What would the most honourable bottlers of whisky or rum do without birds? I think Moon Import really started something, back in the days… Colour: very pale white wine. Nose: typical lemon juice, oyster juice, antiseptic and disinfectant, with wee bit of vanilla fudge and drops of menthol essence. Pristine. With water: as usual, gears rather toward wool and chalk. The menthol seems to be a tad louder than in other CIs but there, I love menthol. Mouth (neat): excellent, fresh, playful, smoky, lemony, salty… Perhaps a tad sweeter than others? Jellybeans? Jell-O? Someone should make some Caol Ila Jell-O one day, that would be a hit. Some powder, some water, et voilà. With water: oh, a little eucalyptus, toothpaste, some green olives… Finish: rather, rather lovely. Part of those young Caol Ilas that are rather more medicinal, and smokier as well, or am I dreaming? Comments: perfect whisky. Sure Caol Ila could get more complex, but for that to really happen it needs to reach, say the age of 30. Or 40. Or benefit from some very long bottle-aging. No, excellent.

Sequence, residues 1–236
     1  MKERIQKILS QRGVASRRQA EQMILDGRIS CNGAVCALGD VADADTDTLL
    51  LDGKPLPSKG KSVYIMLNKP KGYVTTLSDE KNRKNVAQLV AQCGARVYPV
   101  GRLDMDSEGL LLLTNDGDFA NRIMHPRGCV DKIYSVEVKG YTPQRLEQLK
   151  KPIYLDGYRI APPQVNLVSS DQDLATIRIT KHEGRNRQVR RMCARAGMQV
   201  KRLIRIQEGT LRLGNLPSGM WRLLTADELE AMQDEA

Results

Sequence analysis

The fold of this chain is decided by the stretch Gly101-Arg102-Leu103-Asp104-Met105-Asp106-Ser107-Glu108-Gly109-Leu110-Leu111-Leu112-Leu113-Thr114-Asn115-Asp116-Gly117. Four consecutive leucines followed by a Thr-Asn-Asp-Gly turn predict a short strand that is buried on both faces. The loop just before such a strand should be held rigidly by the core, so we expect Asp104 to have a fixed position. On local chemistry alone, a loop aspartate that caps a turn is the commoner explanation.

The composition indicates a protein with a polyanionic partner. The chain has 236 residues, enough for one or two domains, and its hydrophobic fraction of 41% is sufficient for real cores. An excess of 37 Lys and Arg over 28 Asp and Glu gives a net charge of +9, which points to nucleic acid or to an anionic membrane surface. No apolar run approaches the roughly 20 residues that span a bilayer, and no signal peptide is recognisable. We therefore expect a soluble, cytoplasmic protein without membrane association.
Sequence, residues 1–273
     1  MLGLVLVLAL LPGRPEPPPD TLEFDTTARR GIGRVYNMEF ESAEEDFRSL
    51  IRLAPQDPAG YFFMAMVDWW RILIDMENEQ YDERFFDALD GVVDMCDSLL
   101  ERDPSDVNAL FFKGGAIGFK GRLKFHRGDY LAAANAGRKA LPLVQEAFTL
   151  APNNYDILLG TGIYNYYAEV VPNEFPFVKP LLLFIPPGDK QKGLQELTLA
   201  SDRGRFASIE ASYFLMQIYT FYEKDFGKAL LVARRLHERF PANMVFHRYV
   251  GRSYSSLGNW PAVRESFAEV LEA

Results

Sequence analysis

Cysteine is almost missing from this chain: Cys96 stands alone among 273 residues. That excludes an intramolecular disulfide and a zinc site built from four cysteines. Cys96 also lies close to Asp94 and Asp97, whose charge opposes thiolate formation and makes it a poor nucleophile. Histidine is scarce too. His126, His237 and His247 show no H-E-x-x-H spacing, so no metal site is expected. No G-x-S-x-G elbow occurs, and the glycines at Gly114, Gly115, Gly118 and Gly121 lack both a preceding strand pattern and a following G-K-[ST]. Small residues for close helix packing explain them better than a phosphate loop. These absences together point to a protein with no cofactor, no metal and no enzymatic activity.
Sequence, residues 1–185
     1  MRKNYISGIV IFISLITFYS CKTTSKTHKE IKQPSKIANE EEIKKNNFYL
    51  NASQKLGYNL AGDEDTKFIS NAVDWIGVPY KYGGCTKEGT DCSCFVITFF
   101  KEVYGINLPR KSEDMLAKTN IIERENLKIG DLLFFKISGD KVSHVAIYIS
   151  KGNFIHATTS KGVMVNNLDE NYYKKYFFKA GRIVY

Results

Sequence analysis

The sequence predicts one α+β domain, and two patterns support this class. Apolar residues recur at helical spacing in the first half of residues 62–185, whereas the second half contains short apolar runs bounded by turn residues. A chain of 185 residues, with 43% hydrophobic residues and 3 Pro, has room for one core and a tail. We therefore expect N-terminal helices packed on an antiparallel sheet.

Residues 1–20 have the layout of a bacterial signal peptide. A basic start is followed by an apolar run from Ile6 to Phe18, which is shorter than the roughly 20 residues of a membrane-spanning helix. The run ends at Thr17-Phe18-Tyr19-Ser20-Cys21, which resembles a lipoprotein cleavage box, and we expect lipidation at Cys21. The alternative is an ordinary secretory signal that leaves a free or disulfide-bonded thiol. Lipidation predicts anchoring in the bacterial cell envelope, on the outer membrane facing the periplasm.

SGP:457 - 88 points.

Caol Ila 12 yo (56.6%, OB, Feis Ile 2021, high-char Moscatel finish, 3000 bottles, 2021)

Caol Ila 12 yo (56.6%, OB, Feis Ile 2021, high-char Moscatel finish, 3000 bottles, 2021) Three stars